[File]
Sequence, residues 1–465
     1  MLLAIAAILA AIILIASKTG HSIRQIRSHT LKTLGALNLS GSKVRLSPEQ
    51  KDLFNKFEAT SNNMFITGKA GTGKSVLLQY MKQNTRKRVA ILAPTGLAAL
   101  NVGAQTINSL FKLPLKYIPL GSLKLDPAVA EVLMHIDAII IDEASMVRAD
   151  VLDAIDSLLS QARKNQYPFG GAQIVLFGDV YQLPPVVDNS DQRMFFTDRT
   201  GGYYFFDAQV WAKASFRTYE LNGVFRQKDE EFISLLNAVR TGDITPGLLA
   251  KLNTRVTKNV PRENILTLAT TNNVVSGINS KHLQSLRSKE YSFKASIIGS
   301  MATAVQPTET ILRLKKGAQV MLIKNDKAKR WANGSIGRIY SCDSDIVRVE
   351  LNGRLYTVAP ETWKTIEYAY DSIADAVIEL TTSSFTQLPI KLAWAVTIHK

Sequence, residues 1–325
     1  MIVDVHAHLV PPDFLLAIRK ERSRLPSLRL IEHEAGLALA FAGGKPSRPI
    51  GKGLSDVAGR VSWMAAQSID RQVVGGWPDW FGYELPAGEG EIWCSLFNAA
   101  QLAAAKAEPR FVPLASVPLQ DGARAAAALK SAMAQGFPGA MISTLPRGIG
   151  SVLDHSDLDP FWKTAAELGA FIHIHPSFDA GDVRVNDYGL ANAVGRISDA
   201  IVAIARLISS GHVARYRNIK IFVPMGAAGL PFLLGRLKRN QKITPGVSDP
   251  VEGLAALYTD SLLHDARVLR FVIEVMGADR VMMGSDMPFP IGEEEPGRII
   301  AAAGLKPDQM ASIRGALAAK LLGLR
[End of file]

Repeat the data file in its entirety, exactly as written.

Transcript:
Sequence, residues 1–465
     1  MLLAIAAILA AIILIASKTG HSIRQIRSHT LKTLGALNLS GSKVRLSPEQ
    51  KDLFNKFEAT SNNMFITGKA GTGKSVLLQY MKQNTRKRVA ILAPTGLAAL
   101  NVGAQTINSL FKLPLKYIPL GSLKLDPAVA EVLMHIDAII IDEASMVRAD
   151  VLDAIDSLLS QARKNQYPFG GAQIVLFGDV YQLPPVVDNS DQRMFFTDRT
   201  GGYYFFDAQV WAKASFRTYE LNGVFRQKDE EFISLLNAVR TGDITPGLLA
   251  KLNTRVTKNV PRENILTLAT TNNVVSGINS KHLQSLRSKE YSFKASIIGS
   301  MATAVQPTET ILRLKKGAQV MLIKNDKAKR WANGSIGRIY SCDSDIVRVE
   351  LNGRLYTVAP ETWKTIEYAY DSIADAVIEL TTSSFTQLPI KLAWAVTIHK

Sequence, residues 1–325
     1  MIVDVHAHLV PPDFLLAIRK ERSRLPSLRL IEHEAGLALA FAGGKPSRPI
    51  GKGLSDVAGR VSWMAAQSID RQVVGGWPDW FGYELPAGEG EIWCSLFNAA
   101  QLAAAKAEPR FVPLASVPLQ DGARAAAALK SAMAQGFPGA MISTLPRGIG
   151  SVLDHSDLDP FWKTAAELGA FIHIHPSFDA GDVRVNDYGL ANAVGRISDA
   201  IVAIARLISS GHVARYRNIK IFVPMGAAGL PFLLGRLKRN QKITPGVSDP
   251  VEGLAALYTD SLLHDARVLR FVIEVMGADR VMMGSDMPFP IGEEEPGRII
   301  AAAGLKPDQM ASIRGALAAK LLGLR